It is painfully difficult to admit the truth about our loved one’s addiction, to ourselves or anyone else, and we find ourselves making excuses for them that are simply lies. It is so much easier to convince ourselves that nothing is wrong.
You are not alone with this situation. Read on, and you will probably see yourself in similar situations with your loved one.
He is under so much stress from his health problems. That’s why he takes so many pills.
I told myself he would cut back when he is feeling better, that he has no quality of life right now. What else is he going to do when he is hurting all of the time? It’s the only relief he gets from the pain.
We make all sorts of excuses rather than face the harsh reality of the situation, that our loved one is slowly killing themselves with their addiction.
She can’t be an addict, because she can go for days without taking more medicine than she’s supposed to.
If she was really an addict she would be popping those pills every day, all day long. She can go without the extra medication when she wants to, so she can’t have an addiction. She just takes more of it when she can’t stand the pain anymore.
We don’t want to see how badly this affects our loved one’s health and all their relationships, so we keep telling ourselves that it’s going to be okay. We make excuses for them rather than admit to ourselves that they have an addiction on top of all of their other problems.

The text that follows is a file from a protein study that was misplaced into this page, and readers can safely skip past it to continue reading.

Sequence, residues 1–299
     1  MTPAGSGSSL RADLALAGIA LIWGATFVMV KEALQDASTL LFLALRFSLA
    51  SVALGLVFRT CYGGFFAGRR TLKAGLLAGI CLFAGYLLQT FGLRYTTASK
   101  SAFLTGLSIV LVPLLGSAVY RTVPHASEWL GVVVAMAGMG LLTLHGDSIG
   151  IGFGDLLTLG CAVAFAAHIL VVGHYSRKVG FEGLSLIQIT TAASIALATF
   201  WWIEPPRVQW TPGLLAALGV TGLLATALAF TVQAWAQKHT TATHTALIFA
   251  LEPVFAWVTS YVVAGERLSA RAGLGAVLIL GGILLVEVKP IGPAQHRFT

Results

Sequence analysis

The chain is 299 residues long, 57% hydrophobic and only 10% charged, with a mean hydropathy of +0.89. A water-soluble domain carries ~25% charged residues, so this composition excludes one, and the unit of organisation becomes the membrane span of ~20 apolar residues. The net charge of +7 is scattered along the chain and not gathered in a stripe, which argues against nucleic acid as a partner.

He is not as bad as my cousin, Jean. She doesn’t have any medical problems, and she takes more pills than he does.
The whole family can tell that Jean is an addict, but no one questions his need for medication. They know he is sick and in pain, but Jean is just doing it to get high.
While no two addicts are the same, it doesn’t mean one is worse than the other. Addiction comes in many forms, and you can always someone else who is worse if you look hard enough.
He is able to drive and get to all of his appointments on time despite how many drinks he takes.
He has never gotten into an accident or was unable to hold an intelligent conversation, so I told myself he was alright. If he was an alcoholic, he wouldn’t be able to do that.
The reality is there are many people who are functional alcoholics or addicts. Their bodies have become so adjusted to the alcohol and/or drugs that they are able to function relatively normally. But that doesn’t mean they are not an alcoholic or drug addict.
She doesn’t take any medication that is not prescribed for her. It’s not like she is buying pills off the street.
If she was an addict she would definitely be taking other narcotics or drugs, not just the ones from the doctor.
The truth is if someone is abusing their medication, it doesn’t matter that it was prescribed by their doctor. Taking more pills than you should on a regular basis is a sign of addiction.
What To Do?
On some level, we know when we are lying to ourselves about our loved ones addiction. What we sometimes don’t realize is that our denial can help set the stage for an eventual overdose or some other tragedy.
Stop lying to yourself before it’s too late, and talk to a substance abuse counselor today to learn how you can help your loved one.
If you or your loved one is currently experiencing a problem with addiction to drugs or alcohol, don’t wait until it’s too late. Please Contact Beginnings Treatment Centers now to speak with one of our experienced intake advisors. There is no obligation or cost for the initial consultation, and quick action might save your life or that of your loved one.